BACARDÍ Legacy Global Cocktail Competition: how it all went down in Mexico City

The crowd at the BACARDÍ Legacy grand final.
Story by Sam Bygrave for BACARDÍ Legacy

We arrive in Guadalajara around 9pm at night, and drop our bags at the stately hotel we’ll see very little of over the course of the next 36 hours. It’s time to venture out into the evening and into a special agave spirits tasting at 400 Conejos. Some three hours (and a whirlwind tour through Mexico’s agave distillates) later we’re back for a quick nap; we’re off to the highlands of Tequila — the red soils of Arandas, to be precise — in the morning.

It’s in Arandas where we go on a detailed tour of the Cazadores distillery and venture out into the agave fields to knock down a grown blue weber or two. It’s backbreaking work made all the more tolerable by a Paloma or two.

We roll back into Guadalajara in the afternoon and head into one of our favourite bars from the whole trip, El Gallo Altanero. Run by expat-Irishman Alan Mulvihill — whom you may know form his turn behind the stick at Thomas Olive in Melbourne a couple of years back — it’s here where our boy Irvine is holing up for the night, busting out some Bocado’s and spreading his BACARDÍ Legacy story one last time before the global finals. Think of the bar like a Mexican Black Pearl, with an open air courtyard and all the delicious, independent tequila you could want. The hospitality of Mulvihill and his crew — and the fine eats we smashed — marks this joint as one of the best bars in the world.

After a somewhat late (read: really very late) finish, we’re up and away to Mexico City, the country’s largest city, a sprawling metropolis and the seat of federal power in the country. Once we’ve landed we’re quickly acquainted with the city’s notorious peak hour, congested traffic that lasts from three in the afternoon to nine in the evening. If you’re wanting to drive around Mexico City and avoid traffic, you’ll need some sort of jetpack device (though a hoverboard we’re sure would suffice).

James Irvine.

It’s here in Mexico City that James Irvine will bring to a conclusion many months of hard work taking his BACARDÍ Legacy cocktail, Bocado, to the world. So after some of the finest meals we’ve ever had, at Quintonil (number six on the the Latin America’s 50 Best Restaurants List in 2017) and lunch at Pujol (which landed at number 20 on the World’s 50 Best Restaurants List), it’s time for BACARDÍ Legacy to kick off proper.

Bartenders from 34 markets around the world were in town, and at the offical welcome dinner to Legacy — which saw a raunchy display from Australian cabaret performer Reuben Kaye — the running order for the competition was drawn from a hat. Irvine was the second last name announced, meaning he would present his drink in the second last spot on the second day of the semi-finals.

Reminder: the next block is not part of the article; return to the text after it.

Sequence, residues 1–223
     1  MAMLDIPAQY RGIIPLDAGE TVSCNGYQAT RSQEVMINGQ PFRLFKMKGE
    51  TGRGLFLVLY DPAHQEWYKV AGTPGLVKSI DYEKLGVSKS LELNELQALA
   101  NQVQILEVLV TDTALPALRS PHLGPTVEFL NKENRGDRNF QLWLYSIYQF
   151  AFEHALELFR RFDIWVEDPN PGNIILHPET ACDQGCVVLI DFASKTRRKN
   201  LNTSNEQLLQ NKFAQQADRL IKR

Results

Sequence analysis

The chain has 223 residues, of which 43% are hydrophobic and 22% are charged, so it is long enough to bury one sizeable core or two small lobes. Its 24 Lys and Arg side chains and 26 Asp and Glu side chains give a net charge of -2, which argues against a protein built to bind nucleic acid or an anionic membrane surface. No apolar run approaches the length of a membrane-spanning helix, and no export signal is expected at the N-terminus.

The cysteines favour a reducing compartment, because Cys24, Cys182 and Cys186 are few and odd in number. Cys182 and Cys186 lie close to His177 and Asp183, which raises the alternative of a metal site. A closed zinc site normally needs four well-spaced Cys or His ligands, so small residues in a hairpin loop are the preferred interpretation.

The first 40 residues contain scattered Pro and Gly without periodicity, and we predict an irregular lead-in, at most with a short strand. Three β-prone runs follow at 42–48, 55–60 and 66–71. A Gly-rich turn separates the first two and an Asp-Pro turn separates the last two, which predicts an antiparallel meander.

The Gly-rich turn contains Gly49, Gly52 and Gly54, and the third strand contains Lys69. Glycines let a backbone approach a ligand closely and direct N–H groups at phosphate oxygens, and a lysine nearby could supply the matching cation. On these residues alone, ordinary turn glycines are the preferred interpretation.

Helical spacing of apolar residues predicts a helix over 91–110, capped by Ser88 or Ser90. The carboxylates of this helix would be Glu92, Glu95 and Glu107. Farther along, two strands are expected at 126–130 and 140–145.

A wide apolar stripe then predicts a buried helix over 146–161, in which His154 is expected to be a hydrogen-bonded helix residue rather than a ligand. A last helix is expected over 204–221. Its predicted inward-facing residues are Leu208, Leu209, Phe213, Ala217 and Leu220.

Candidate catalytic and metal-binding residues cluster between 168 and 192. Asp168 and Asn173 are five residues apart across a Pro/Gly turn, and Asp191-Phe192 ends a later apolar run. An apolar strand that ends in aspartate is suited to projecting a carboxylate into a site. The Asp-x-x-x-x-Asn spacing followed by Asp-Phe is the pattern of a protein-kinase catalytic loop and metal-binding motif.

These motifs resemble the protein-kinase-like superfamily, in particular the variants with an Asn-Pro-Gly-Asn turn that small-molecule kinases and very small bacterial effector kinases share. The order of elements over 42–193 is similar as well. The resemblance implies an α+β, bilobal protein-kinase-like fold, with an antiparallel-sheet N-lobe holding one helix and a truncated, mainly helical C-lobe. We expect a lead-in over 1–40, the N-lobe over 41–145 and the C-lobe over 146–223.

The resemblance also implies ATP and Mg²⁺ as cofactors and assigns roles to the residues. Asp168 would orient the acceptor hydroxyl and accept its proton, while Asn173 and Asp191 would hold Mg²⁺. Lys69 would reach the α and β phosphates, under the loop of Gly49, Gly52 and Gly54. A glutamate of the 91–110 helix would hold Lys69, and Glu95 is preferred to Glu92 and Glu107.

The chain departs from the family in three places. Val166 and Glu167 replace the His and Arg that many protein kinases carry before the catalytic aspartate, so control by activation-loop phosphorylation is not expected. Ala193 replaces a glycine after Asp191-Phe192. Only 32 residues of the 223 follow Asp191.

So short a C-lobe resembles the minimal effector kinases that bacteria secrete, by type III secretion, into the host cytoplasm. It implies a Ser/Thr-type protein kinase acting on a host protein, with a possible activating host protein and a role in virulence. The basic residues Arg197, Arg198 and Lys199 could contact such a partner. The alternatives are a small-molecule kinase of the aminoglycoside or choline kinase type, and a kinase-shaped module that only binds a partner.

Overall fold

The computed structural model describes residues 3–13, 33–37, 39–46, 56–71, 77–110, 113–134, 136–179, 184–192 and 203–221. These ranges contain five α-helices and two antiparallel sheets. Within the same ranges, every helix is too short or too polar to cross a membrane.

It’s a two stage process to make it through from the semi-final to the grand final: yes, Irvine would need to make his drink on stage in front of the semi-final judges, but he also had to present his promotional efforts to a panel of judges, describing the many ways in which he got his BACARDÍ Legacy drink in the hands of consumers and trade around the world.

Despite some stiff competition, we were all excited when it was announced that Irvine was indeed a member of the final round and would do his thing one last time for the grand final.

With Irvine in the final round were bartenders from Mexico, India, Japan, Greece, Argentina, Belgium and Cyprus.

After months and months of hard work, shaking drinks, and sharing recipes, the final of the BACARDÍ Legacy Global Cocktail Competition was held and a winner announced: The Netherlands’ Eric Van Beek.

Our boy Irvine made it through to the final three, but in the end, it was Van Beek who won against competitors from some 34 countries around the world. It was his combination of promotional skill in getting his drink into the hands of people across the world, his rhyming stage presence, and a beautifully constructed drink that saw him over the line.

His drink, Cariño, a mix of BACARDÍ Reserva Ocho, Yellow Chartreuse, Greek yoghurt, vanilla syrup and lemon juice impressed the judges.

“For me the drink was so unique, with ingredients that really aren’t that unique, but that beautifully showcased the rum and allowed it to shine through,” said judge Ivy Mix, of Leyenda in Brooklyn and Speed Rack. “It was meant to win because it is so unusual but super delicious. In his presentation it was very clear to me that his level of dedication was above and beyond; I think Eric is a real example of what you can do if you truly put your heart and soul into it.”

Van Beek has been bartending for just two and a half years, and works at Bar TwentySeven in Amsterdam; it is the second year running that he’s represented The Netherlands at the BACARDÍ Legacy Global Cocktail Competition.

If that doesn’t inspire you to get to work on making your own Legacy, we don’t know what will.

How to enter the BACARDÍ Legacy Global Cocktail Competition

Entries open soon, so follow the BACARDÍ Legacy Australia Facebook page to be kept up to date –

New to the competition this year: the winner of the Bartender Magazine Bartender of the Year sponsored by BACARDÍ & De Kuyper will this year also win a wildcard entry into the BACARDÍ Legacy Australian Final.

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